Traditional economics seems to assume that human beings have generally stable preferences, that we are happy to the extent that those preferences are satisfied, and that we always act so as to maximize the satisfaction of our preferences. Behavioral economists argue that this is an inaccurate (or at least incomplete) view of human nature. In this course we will first briefly examine the origins and (some of the) central principles of traditional economics. We will then consider some of the ways that, according to behavioral economists, traditional economics rests on a mistaken view of human nature. Finally, we will draw on ideas from behavioral economics to explore four interesting and important ways in which the free market and human nature interact: (1) the on-going “obesity epidemic”, (2) the impact of American-style free market capitalism on families and children, (3) the rise of “bullshit jobs”, and (4) the paradox of self-interest, according to which caring most about something other than money can result in money coming your way.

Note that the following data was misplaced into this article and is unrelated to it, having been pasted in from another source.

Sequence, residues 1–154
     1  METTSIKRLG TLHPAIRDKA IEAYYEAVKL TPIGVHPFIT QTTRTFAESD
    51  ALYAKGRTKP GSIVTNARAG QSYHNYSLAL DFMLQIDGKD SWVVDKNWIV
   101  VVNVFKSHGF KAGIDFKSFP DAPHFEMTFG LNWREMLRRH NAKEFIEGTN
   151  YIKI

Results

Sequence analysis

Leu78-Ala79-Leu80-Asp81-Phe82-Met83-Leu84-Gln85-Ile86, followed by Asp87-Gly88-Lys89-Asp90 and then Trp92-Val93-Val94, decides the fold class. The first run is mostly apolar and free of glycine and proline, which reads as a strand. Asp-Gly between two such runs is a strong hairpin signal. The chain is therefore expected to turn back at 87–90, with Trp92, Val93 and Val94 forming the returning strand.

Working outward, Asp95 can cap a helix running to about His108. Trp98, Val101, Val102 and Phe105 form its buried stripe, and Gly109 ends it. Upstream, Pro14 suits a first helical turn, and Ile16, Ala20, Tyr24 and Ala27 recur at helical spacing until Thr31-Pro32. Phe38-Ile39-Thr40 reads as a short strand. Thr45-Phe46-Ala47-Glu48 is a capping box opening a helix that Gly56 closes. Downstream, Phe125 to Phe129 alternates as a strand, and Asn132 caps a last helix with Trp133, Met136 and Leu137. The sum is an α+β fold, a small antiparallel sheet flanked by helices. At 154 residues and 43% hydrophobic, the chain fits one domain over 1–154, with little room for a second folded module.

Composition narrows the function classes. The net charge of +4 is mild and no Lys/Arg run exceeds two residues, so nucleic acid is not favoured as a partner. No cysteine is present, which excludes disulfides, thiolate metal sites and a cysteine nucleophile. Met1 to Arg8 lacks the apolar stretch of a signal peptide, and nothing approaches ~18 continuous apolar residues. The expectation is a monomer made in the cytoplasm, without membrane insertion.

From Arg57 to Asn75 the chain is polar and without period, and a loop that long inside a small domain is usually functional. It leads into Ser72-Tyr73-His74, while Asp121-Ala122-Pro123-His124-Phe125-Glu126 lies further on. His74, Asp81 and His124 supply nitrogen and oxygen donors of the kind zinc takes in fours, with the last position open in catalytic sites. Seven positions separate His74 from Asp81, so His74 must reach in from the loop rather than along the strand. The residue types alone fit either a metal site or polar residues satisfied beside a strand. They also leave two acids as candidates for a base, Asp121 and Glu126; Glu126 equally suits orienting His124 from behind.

Wielenberg, Erik, "PHIL 209A Free Market Capitalism and Human Nature Wielenberg Fall 2023" (2023). Course Syllabi. 194, Scholarly and Creative Work from DePauw University.